Under the Insurers Code, ‘putting the client first’ is essential to safeguarding the insurance company's continuity. The management board should ensure that the client is treated properly and that a client-oriented approach becomes an integral part of the insurance company’s culture. With respect to a similar principle in the Banking Code, the Banking Code Monitoring Commission previously remarked that implementation of the ‘client first’ concept concerns more than just client service and client satisfaction. It demands a fundamental inquiry into the corporate culture, and encompasses a range of issues within the company, including the company’s core values, the product approval process and the remuneration model.
The management board is responsible for the overall risk policy. One of the management board members should be charged with preparing the risk management decision-making process. This management board member may not have any commercial responsibilities and should operate without regard to the management board’s other commercial tasks.
The crucial risk management role assigned to the supervisory board by the Insurers Code is particularly noteworthy. In addition to generally supervising the risk policy pursued by the management board, the supervisory board should:
- appoint a risk committee made up of supervisory board members with a thorough knowledge of the specific financial aspects of risk management;
- approve, at least once a year, the risk appetite policy presented by the management board to the supervisory board; and
- periodically evaluate whether the insurance company’s business activities are in fact consistent with its risk appetite policy.
Product approval process
Another obligation which is designed to lead to improved risk management is the introduction of a product approval process. Before a product can be marketed or distributed, the insurance company should meticulously weigh the risks and should properly review such other aspects as the duty of care towards the client.
Under the Insurers Code, the management board should establish a system for monitoring the management of risks associated with the insurance company’s commercial or other activities. Such internal auditing needs to include an assessment of the effectiveness of the internal risk management measures.
The external auditor's report to the management board and supervisory board should contain findings on the quality and effectiveness of the insurance company's governance system, risk management and risk management monitoring procedures.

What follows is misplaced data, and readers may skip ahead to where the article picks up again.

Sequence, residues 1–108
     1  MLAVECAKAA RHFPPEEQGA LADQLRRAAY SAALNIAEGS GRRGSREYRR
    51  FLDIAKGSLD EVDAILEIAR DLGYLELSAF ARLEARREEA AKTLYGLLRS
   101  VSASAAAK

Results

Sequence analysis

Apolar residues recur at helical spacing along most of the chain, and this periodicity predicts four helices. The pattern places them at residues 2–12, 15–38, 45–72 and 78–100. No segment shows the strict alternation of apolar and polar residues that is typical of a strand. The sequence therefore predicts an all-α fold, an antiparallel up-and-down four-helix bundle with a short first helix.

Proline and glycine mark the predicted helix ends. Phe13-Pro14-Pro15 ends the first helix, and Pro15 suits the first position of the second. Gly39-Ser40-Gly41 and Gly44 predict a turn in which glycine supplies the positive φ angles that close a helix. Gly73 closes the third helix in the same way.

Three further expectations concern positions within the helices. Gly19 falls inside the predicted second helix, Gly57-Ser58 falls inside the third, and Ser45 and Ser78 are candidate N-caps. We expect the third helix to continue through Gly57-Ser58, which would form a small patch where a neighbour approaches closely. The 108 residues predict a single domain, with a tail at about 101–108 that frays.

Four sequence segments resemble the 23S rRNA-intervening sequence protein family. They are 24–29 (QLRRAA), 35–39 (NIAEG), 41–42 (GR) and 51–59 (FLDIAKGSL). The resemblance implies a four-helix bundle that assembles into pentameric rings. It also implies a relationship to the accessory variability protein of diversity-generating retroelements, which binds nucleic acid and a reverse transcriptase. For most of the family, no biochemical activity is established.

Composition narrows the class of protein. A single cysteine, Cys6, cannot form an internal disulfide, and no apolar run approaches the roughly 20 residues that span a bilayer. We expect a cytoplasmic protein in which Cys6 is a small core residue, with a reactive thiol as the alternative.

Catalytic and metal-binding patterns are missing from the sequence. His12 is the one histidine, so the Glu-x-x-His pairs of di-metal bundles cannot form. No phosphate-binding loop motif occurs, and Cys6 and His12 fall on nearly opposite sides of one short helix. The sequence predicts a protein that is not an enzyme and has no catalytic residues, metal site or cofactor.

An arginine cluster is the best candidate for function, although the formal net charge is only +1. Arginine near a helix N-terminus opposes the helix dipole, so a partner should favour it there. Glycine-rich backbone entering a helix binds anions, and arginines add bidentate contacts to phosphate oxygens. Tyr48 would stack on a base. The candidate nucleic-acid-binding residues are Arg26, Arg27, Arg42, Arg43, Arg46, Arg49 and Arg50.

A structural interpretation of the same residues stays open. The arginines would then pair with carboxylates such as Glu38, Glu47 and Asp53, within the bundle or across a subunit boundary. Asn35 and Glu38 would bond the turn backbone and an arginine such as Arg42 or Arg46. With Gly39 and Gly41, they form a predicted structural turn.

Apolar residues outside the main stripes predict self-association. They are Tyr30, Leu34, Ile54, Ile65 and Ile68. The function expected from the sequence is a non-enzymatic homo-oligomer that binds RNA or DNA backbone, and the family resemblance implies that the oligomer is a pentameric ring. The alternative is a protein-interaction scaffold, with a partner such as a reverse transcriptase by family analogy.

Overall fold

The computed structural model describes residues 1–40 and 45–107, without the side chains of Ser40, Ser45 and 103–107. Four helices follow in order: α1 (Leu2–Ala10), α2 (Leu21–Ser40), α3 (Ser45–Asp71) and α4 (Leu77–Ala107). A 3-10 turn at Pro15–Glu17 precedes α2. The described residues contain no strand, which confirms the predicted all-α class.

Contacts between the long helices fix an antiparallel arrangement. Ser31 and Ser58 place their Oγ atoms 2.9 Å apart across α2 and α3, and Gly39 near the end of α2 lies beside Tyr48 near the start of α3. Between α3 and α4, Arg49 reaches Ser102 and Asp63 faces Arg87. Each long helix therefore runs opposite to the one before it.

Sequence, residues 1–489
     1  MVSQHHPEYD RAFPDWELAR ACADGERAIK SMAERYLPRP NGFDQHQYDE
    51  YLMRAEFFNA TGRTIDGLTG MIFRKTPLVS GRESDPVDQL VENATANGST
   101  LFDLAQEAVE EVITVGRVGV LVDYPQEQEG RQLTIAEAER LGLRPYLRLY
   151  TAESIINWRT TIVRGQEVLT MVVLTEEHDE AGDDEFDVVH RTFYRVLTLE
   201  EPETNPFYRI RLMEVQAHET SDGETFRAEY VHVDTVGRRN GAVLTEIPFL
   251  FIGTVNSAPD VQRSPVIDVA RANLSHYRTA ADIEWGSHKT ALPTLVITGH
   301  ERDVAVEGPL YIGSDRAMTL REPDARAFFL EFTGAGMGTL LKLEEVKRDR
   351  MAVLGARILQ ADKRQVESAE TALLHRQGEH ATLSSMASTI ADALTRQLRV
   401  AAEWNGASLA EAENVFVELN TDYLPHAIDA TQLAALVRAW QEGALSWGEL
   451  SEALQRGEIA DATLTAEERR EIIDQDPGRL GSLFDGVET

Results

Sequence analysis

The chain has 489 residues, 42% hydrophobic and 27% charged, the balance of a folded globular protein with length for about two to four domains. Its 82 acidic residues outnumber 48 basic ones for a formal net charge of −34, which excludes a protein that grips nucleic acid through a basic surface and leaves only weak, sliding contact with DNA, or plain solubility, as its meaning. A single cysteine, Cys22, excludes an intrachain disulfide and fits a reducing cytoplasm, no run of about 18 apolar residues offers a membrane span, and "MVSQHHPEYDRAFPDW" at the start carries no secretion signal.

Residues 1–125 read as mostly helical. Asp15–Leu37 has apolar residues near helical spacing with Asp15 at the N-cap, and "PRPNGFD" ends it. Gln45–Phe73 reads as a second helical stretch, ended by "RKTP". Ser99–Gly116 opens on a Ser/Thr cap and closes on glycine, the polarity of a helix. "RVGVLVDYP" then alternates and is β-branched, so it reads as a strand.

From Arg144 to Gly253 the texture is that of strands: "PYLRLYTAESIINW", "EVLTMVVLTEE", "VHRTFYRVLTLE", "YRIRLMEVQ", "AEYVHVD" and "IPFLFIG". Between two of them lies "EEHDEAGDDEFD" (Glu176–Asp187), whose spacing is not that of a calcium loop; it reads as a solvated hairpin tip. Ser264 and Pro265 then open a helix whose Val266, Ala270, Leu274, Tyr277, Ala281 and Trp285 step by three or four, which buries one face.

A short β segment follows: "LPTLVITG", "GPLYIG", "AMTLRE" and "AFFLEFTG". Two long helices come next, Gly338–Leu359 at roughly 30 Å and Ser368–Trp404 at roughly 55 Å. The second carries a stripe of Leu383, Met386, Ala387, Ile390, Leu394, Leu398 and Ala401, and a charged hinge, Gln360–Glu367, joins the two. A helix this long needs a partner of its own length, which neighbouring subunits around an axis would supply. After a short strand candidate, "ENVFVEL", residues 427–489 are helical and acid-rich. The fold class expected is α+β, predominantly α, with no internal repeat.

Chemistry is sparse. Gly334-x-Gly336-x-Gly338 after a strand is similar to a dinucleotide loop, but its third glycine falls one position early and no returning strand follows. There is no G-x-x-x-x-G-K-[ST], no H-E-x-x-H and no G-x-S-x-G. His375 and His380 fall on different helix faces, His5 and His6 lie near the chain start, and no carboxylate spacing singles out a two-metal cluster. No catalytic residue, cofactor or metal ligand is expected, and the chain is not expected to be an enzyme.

The remuneration section of the Insurers Code is designed to discourage risky behaviour. With this purpose in mind, the Code states the following rules:
- The remuneration policy has to take into account the insurance company's long-term interests, the relevant international context and the degree of public acceptance and support.
- Limits need to be set on the amount of the management board members’ remuneration. The remuneration should be somewhat below the average for comparable positions inside and outside the financial sector. According to the explanation of this rule, this means that the remuneration should be in line with, but not run ahead of, market trends.
- Severance payments to management board members should not, in principle, exceed one year's salary.
In addition, the Code contains various provisions on bonuses (variable remuneration) for management board members:
- Bonuses should be based as much as possible on objective performance criteria which are not only financial, but also non-financial, in nature. Among these criteria are client satisfaction, risk management, investor relations, operational targets, human resources, integrity, compliance and sustainability.
- A ‘bonus ceiling’ needs to be established. Each insurance company should determine a maximum ratio between variable remuneration and fixed salary which is appropriate for that insurer. The variable remuneration for a management board member should not exceed 100% of the fixed salary.
- When variable remuneration is awarded to the management board, the long-term goals of the insurance company should be taken into account as well as, among other things, the insurance company's profitability and/or continuity. A substantial part of the variable remuneration should be granted conditionally and be paid out no earlier than after three years.
- The supervisory board should have the power to adjust management board members’ variable remuneration if, in its view, the planned remuneration will lead to unfair or unintended results. The supervisory board should likewise be able to reclaim the variable remuneration if this was awarded to the management board member based on incorrect financial or other information (a ‘clawback’ provision).
Further, it should be mentioned that the ‘Regulation on Sound Remuneration Policies 2011 pursuant to the Financial Supervision Act (Regeling Beheerst beloningsbeleid Wft 2011) took effect on 1 January 2011. This statutory regulation implements the CRD III Directive. With regard to bonuses, the Regulation deviates somewhat from – and is in some ways more stringent than – the Insurers Code. For further information on this Regulation, we refer to our newsletter ‘Implementation of CRD III remuneration rules’ from 29 March 2011.
OECD Guidelines on Insurer Governance 2011
The OECD recently revised the insurance industry guidelines dating from 2005. The new ‘OECD Guidelines on Insurer Governance 2011’ were adopted on 19 May 2011. The Guidelines include rules on the governance structure, the internal control mechanisms (risk management), groups and conglomerates, and shareholder protection. As in the Insurers Code, the primary concerns are management board expertise, independent supervision and effective risk management. Attention is also given to awareness of contagion risks within the group. To safeguard the interests of the stakeholders (such as policyholders, employees and creditors), the Guidelines recommend that insurance companies provide good information, institute ‘know your client’ procedures and put proper complaint‑handling processes into place.
These provisions are not mandatory, but are intended to guide insurance companies and authorities in developing or revising the corporate governance structure.